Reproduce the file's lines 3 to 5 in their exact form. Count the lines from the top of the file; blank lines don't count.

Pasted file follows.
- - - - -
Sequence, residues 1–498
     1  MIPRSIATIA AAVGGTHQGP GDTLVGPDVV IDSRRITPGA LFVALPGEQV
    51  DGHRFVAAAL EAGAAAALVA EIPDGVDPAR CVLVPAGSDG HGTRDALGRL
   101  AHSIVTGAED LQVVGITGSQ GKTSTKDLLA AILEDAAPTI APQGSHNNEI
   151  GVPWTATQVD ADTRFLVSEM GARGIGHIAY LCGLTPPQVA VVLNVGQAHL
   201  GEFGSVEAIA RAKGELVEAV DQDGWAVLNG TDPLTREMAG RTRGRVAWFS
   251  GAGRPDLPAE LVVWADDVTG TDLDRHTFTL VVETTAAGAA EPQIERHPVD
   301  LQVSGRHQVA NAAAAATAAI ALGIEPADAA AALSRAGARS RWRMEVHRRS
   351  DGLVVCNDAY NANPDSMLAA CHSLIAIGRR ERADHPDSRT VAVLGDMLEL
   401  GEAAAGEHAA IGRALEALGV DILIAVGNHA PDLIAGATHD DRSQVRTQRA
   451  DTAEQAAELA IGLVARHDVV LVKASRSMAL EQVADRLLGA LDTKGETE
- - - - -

    51  DGHRFVAAAL EAGAAAALVA EIPDGVDPAR CVLVPAGSDG HGTRDALGRL
   101  AHSIVTGAED LQVVGITGSQ GKTSTKDLLA AILEDAAPTI APQGSHNNEI
   151  GVPWTATQVD ADTRFLVSEM GARGIGHIAY LCGLTPPQVA VVLNVGQAHL